Medina: I vividly remember my entire childhood, for better or worse, and that makes inhabiting the mind of my characters fairly easy. There are so many scraps of memory! For example, when I was 13, I kept polishing my nails every other day with Avon nail polish. Then I’d peel it off in these huge acrylic clumps. I also plucked out most of my eyebrows by accident. I remember the shame I felt when I started menstruating and had tell my mother about it. And I certainly remember the first boy I crushed on and how my stomach would tighten into a knot every time he rode his bike on my block. (Billy Trikas, wherever you are, I still remember you!)
Chapter 16: You write about Lolo’s Alzheimer’s so eloquently. The end of Chapter 41, in which Merci and Mami watch Lolo and Abuela dance tenderly and intimately, is beautiful and heartbreaking. You mentioned you’ve heard from many readers who have loved ones facing Alzheimer’s. Do you often hear this kind of thing from children at school visits or book festivals, and why is it important to you to include a character with Alzheimer’s?
Medina: Thank you. As I said, yes, I do hear from people facing Alzheimer’s in their families. It’s always a quiet and deeply moving conversation between my readers and me, because we are talking about profound love and loss. It is, as you say, both beautiful and heartbreaking. The erasure of a lifetime of memories and of relationships is a very cruel thing, and caring for someone in that situation is a huge challenge that only grows more difficult over time. It wears caregivers down to the bone, and they need to feel seen and supported.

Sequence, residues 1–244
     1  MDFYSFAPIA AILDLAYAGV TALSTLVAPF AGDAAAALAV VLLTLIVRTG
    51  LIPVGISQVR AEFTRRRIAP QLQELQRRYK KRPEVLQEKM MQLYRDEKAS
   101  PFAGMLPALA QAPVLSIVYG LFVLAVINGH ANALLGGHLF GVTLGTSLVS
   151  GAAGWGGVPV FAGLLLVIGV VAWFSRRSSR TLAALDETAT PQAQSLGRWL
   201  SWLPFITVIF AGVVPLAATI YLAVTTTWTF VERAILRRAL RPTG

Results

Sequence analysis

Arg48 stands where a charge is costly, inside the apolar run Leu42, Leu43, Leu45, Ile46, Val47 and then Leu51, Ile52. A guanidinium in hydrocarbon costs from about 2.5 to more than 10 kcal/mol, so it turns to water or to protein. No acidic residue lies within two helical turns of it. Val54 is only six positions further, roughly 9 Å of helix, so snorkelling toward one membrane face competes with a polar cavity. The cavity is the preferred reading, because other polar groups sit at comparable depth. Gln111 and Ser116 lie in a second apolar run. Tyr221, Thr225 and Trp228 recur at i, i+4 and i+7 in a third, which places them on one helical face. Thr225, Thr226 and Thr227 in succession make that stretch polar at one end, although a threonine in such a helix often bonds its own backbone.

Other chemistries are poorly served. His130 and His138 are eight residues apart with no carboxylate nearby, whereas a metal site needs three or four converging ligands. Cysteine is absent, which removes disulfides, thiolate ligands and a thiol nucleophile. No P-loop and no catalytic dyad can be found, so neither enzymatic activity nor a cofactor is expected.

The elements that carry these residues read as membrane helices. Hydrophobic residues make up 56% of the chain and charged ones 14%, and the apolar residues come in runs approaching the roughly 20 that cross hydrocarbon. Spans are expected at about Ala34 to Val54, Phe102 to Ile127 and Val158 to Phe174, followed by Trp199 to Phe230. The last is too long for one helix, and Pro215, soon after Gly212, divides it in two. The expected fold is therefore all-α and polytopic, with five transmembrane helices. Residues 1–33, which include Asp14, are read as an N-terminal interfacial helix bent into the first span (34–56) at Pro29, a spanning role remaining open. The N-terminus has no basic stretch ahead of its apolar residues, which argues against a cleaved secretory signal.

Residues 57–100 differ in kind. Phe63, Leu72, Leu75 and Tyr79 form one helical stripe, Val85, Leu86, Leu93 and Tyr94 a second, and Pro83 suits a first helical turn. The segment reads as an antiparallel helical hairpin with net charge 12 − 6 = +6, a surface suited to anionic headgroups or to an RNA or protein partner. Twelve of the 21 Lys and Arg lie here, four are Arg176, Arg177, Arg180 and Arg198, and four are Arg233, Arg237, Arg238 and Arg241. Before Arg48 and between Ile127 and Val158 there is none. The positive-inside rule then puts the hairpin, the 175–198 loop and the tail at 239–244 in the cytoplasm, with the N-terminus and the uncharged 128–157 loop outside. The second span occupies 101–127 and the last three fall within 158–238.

I feel as though many children will face this in their families or will know someone who faces this illness. And, as of this writing, it’s a problem, unfortunately, without a solution. In life, there are quite a few of those types of problems, aren’t there? So, how do we talk to kids about that? How can we teach them to endure through the things that will be painful? One way, I think, is by offering them books and stories that tackle these issues honestly.
Chapter 16: What is a way that winning the Newbery Award changed you or your work or the way you approach work that might surprise people?
Medina: Mostly in terms of platform. My own work has become more known and, by extension, it has given me a way to advocate more for literature by Latinx people. I’m very grateful for that. In my own work, specifically, it has also given me permission — a kind of courage — to try things that might have scared me in the past.
Chapter 16: What has kept you inspired during this time of pandemic-driven social isolation?
Medina: Writing itself generates inspiration, so I have tried to write every day, even if it’s only for myself. I’ve also tried to take care of my physical self through yoga and longs walks with my dog, Hugo. And, of course, I’ve tried to keep up with friends and with the beautiful books that have been published by colleagues. I’m thinking of works by Christina Soontornvat, Renée Watson, Kimberly Brubaker Bradley, Erin Entrada Kelly, Yamile Méndez, Jenny Torres Sanchez …. The list is long. Allowing myself to get swept up in their stories reminds me that I’m part of a bigger community of people who love and respect kids. It helps me remember that we are still out here imagining and working. It assures me that we’ll be back together again soon.
Chapter 16: Do you think we’ll hear from Merci again?
Medina: Oh, yes! How could we possibly walk away from Merci before she finishes the eighth grade? In fact, I’m hard at work on the third — and final — book right now. Every day I come to the page, I’m delighted and confounded by who she is as she turns 14. There are so many storylines to tie up and so many moments she’ll have to navigate. But in the end, I have faith in her.
Julie Danielson, co-author of Wild Things! Acts of Mischief in Children’s Literature, writes about picture books for Kirkus Reviews, BookPage, and The Horn Book. She lives in Murfreesboro and blogs at Seven Impossible Things Before Breakfast.